decisions on motor bike configuration

Discussion in 'General Questions' started by preventec47, Dec 29, 2013.

  1. preventec47

    preventec47 New Member

    I want to do a lot of road travel and need
    to be legal and as reliable as economically possible. ie need to be cheaper than store bought moped from name brand suppliers.
    I am drawn to mountain bikes because of
    their front ( at least) suspension and I think heavier duty brakes and frame etc that should hold up better to hitting bumps repeatedly etc.

    I had five more paragraphs but had to cut them because the post was denied ? ? ?

  2. preventec47

    preventec47 New Member

    ( rest of my post)
    What I have found are inside mounted engines that either drive the front sprocket*in which case it appears the pedals have to*always spin, or drive a supplemental sprocket at the rear wheel on the side*opposite of the derailures and other sprockets. In this instance, I believe
    the engine could drive the rear wheel
    and the rider could coast with the
    pedals. The drawback as I see it is
    that the rider could not shift gears
    by moving the drive chain to the
    various size rear sprockets.

    So does the ultimate correctly boil down
    to performance and how lazy the rider
    wants to be ? Is there an issue
    with reliability? IE I would only want
    to put the motor power to the rear sprockets if they could hold up to the
    extra stress. Have the rear sprockets
    been shown to be a weak link ?
  3. darwin

    darwin Well-Known Member

    Using a motor to drive a cheap cassette is not advisable, they barely hold up pedaling them.
  4. Fabian

    Fabian Well-Known Member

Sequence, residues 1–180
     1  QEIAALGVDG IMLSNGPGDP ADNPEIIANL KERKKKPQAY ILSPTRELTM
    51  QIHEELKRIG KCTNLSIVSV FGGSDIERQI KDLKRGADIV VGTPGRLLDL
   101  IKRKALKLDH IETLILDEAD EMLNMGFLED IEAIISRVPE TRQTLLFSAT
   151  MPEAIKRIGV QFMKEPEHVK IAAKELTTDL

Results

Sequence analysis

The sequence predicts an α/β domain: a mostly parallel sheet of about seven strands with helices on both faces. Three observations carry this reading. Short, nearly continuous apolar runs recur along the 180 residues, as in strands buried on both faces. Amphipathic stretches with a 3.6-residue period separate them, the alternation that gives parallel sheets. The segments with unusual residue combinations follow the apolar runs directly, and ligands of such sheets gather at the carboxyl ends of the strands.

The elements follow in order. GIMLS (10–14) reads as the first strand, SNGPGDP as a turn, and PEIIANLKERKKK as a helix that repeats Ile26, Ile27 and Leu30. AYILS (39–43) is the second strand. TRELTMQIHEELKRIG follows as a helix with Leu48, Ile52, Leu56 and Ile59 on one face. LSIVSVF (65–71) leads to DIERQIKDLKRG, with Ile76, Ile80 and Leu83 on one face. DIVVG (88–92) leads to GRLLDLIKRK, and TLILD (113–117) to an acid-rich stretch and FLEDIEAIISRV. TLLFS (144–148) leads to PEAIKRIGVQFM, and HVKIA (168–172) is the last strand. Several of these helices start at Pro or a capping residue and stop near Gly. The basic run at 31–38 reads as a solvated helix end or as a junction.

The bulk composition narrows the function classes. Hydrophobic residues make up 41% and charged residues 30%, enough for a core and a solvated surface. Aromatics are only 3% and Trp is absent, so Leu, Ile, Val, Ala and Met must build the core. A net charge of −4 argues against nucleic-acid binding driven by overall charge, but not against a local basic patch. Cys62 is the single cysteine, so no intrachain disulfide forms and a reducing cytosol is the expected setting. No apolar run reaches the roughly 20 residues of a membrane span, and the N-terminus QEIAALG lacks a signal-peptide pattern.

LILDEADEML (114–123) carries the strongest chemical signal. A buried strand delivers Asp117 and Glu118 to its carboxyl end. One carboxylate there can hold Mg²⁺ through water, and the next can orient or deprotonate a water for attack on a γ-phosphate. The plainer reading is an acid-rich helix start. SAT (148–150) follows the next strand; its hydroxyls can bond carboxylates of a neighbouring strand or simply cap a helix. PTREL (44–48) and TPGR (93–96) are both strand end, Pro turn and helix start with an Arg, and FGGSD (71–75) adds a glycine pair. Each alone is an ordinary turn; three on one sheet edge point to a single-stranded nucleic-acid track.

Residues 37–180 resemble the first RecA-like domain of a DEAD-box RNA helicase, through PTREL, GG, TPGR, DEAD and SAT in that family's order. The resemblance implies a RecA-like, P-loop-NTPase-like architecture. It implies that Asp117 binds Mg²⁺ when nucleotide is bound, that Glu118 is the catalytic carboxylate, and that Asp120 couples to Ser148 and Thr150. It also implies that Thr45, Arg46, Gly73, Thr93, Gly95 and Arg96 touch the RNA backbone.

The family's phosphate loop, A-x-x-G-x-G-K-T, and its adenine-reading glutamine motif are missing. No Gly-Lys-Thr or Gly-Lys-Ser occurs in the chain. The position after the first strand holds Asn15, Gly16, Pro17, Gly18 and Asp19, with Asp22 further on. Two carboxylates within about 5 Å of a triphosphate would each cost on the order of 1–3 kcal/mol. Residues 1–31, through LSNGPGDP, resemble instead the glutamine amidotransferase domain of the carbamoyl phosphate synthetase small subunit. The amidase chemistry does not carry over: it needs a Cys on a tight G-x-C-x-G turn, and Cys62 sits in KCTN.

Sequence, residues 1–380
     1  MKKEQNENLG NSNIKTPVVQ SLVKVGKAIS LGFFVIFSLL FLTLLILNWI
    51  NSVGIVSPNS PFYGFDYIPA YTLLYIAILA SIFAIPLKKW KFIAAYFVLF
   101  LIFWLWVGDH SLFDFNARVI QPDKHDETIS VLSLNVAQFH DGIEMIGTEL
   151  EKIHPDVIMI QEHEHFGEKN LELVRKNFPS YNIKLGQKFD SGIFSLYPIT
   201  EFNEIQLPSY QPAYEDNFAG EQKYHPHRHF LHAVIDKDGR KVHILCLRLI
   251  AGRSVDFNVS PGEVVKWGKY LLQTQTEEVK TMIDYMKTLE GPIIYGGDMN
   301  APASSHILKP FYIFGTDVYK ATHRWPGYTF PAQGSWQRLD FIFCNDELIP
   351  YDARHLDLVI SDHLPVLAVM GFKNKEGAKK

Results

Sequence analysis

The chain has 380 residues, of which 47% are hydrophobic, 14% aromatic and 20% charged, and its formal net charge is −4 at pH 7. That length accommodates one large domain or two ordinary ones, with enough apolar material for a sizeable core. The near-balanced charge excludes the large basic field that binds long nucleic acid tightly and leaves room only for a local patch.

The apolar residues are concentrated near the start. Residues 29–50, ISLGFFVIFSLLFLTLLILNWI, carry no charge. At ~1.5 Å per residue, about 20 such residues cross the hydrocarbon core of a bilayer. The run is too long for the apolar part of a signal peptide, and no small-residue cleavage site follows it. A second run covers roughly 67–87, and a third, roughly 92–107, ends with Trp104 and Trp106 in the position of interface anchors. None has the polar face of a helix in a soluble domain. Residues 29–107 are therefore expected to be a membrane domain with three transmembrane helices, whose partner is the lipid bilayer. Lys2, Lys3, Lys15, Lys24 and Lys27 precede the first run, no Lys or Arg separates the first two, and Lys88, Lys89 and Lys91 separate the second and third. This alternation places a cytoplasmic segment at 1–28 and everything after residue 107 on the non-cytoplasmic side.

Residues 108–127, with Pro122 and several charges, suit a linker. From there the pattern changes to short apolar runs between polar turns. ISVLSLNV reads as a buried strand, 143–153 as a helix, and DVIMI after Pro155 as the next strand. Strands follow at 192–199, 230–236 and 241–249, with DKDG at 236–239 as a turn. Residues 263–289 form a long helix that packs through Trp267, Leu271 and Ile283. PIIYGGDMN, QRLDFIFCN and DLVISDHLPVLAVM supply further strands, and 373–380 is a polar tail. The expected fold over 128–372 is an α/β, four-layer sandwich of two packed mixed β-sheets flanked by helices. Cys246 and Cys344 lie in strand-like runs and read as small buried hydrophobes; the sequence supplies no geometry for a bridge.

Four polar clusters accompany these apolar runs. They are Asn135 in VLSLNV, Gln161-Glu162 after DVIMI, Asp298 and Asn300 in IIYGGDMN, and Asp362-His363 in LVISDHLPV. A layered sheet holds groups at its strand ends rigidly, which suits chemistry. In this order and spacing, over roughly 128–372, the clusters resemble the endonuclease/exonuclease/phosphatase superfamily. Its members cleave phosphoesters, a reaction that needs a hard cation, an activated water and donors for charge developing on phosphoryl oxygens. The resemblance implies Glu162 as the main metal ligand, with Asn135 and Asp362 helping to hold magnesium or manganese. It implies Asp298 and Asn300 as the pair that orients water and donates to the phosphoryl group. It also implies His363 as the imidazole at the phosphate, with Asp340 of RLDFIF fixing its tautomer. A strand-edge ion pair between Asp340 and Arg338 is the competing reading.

With these parameters in mind you will need to do a bit of home engineering as well as installing the following components:

    mountain bike with front suspension, fitted with a Hayes V9 nine inch front disk rotor and Avid BB7 calipers at both ends of the bike,

    Sick Bike Parts shift kit, fitted with either a 4-stroke or 2-stroke engine; both engine types being reliable when set up correctly, but a 2-stroke 69cc engine produces more usable low and mid range torque than the 48cc,

    Jaguar CDI,

    CR Machine Manufacturing medium compression billet cylinder head,

    home made, anti chain suck system that (requires some fabrication skills) is "absolutely" essential from a reliability perspective,

    correctly jetted carburettor or an upgraded system using a Rock Solid Engines reed valve intake with Walbro style diaphragm carburettor,

    rear wheel gear system "specifically" using an 8 speed cassette with 11-34T or ideally an 11-36T sprocket combination (and most importantly, 8 speed cassette sprocket spacing), coupled to a SRAM X7 Twistshift mechanism mounted on the left hand side,

    9 speed chain driving the 8 speed cassette (an important feature to eliminate ghost shifting) and is much more tolerant of derailleur hanger misalignment, should the rear derailler suffer an impact,

    high and low range gears operated by the front derailleur (using the Sick Bike Parts optional 24 tooth and 30 tooth sprockets) allowing hill climbing ability up "any" level of incline, no matter how steep it looks,